Marvell PlugComputer Plug-In

Marvell sponsored the first PlugComputer PlugIn on August 18 in Santa Clara.  This was an event to bring together PlugComputer software developers, hardware vendors and the curious to learn more about the PlugComputer and its roadmap.  There were three parallel tracks throughout the day.  Track1 was oriented toward software development in general, and Android in particular.  Track2 had a Java bent, and Track3 addressed the PlugComputer ecosystem and supply chain.

All PlugComputers are based on the ARM architecture. Last year, the first PlugComputer was released.  It was a basic computer with USB ports and Ethernet connectivity.  This year, models were shown that included built-in WiFi, BlueTooth, ZWave and Zigbee interfaces.  With this much connectivity, a PlugComputer device can be a hub for home automation control and video monitoring.  A basic PlugComputer block diagram is shown below.

Marvell is enabling the “PlugComputer Ecosystem.”  The PlugComputer represents a new device class: it is a standalone mini-server about the size of a power adaptor.  It runs Linux and uses very little power.  A PlugComputer draws about 5W and is suited to being an “always-on” computing device in the home.  By enabling multiple vendors prices can be very low allowing small software developers to deploy full internet appliances and applications.  A Plug can sell for below $100 making the possibility of an application-specific computer one that makes economic sense.  Plugs can be packaged in appealing packages too.

Most of the demo applications shown at the event were related to home automation and monitoring.  Monitoring applications fall into one of broad classes: security or energy efficiency.  For energy monitoring applications the PlugComputer offers a clear advantage in power savings over the use of a full PC: a 5W PlugComputer makes more sense for energy monitoring than a 150W PC.  For security applications, the appeal is having an always-on dedicated device.  Because the device can be managed by a service provider, a user need not be concerned about performing software installs and upgrades, the way one would need to do these things on a PC.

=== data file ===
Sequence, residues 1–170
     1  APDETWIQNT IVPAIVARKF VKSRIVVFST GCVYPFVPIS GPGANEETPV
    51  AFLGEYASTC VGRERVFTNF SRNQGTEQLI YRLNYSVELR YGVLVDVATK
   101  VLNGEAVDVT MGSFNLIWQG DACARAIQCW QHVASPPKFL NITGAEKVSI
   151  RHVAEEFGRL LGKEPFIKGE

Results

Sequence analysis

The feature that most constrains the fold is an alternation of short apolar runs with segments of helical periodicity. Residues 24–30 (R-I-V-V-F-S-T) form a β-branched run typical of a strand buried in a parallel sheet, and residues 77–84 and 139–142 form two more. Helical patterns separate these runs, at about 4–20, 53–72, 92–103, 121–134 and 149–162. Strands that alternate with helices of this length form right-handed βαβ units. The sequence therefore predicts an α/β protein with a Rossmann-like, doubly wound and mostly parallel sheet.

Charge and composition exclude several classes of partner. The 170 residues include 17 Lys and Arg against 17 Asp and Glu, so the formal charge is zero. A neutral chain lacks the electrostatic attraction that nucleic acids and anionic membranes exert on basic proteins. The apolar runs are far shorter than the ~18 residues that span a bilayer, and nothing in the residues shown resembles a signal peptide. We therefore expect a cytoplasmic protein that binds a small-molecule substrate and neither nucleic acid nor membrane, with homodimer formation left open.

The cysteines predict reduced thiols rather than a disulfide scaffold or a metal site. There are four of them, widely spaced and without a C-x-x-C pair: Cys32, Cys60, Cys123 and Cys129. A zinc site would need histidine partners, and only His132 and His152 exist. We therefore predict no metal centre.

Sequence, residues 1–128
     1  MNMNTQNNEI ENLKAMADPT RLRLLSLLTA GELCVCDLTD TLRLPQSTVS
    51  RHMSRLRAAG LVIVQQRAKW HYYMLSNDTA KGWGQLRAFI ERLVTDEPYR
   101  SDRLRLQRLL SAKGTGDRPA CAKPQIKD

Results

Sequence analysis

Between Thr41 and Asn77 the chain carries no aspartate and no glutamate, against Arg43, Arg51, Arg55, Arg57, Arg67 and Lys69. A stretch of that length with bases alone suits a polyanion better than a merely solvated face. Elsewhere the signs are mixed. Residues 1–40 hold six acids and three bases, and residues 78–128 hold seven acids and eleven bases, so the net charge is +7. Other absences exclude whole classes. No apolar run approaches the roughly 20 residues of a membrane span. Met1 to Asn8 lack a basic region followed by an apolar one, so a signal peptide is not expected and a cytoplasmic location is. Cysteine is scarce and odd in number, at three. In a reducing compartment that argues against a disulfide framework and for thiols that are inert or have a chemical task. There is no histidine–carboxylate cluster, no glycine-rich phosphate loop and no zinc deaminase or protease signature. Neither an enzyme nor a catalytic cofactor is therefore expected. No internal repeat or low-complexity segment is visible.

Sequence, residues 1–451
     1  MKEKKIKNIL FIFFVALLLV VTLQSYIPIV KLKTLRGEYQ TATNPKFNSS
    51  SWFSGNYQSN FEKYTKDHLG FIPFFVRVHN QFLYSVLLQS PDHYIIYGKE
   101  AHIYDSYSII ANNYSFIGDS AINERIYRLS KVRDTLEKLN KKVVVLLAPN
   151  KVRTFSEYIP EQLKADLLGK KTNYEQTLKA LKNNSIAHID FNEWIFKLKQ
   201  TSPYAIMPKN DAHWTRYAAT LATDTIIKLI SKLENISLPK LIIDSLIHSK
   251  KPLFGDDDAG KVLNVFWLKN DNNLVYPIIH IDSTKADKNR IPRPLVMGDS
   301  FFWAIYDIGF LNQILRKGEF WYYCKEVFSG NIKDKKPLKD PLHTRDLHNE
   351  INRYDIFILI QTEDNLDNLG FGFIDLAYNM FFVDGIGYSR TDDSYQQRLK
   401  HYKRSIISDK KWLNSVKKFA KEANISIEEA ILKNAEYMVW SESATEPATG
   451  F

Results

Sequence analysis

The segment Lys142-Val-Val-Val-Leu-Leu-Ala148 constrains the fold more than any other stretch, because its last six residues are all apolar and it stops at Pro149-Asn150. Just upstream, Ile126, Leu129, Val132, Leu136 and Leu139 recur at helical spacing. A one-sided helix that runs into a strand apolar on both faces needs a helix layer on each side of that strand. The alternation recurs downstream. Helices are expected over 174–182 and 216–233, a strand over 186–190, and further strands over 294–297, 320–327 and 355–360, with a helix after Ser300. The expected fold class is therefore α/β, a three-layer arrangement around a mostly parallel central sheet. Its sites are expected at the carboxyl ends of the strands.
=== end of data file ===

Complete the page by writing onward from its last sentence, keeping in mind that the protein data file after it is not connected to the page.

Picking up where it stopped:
Software

The PlugComputer is a great device for interfacing to the physical world through its ports and radio interfaces.  With ZWave and Zigbee a PlugComputer could control the home or monitor environmental conditions including light level, temperature, air quality and humidity.

As a developer, a big concern for me is the level of software support for these various interfaces.  Because the PlugComputer runs Linux, things like Ethernet, WiFi and Bluetooth are pretty well supported with standard offerings.  Zwave and Zigbee are another matter, however.  I could not find good support for these interfaces yet.  With USB devices, support depends on the device you want to attach.  Demonstrations showed a number of USB cameras hooked up to the Plug and I was told these are fairly easy to access using packages like OpenCV.

Operating Systems

Most PlugComputers arrive with Debian pre-installed.  Other popular OS distributions are Ubuntu, Fedora and Gentoo.  A new utility, called the “Easy Plug Installer” has been released to aid developers in building a custom distribution and filesystem.  The utility lets a developer rapidly re-flash the device with any of a number of pre-configured releases.

Android

I was suprised to see the strong showing of Android support.  Android is Linux-based and can be built on the 2.6 kernel, so it makes sense it could run on the Plug.  Of course, the first question is WHY?  Android is most often run on a touch-screen handheld and the Plug has no screen and no touch or mouse input.  It did not seem a natural fit.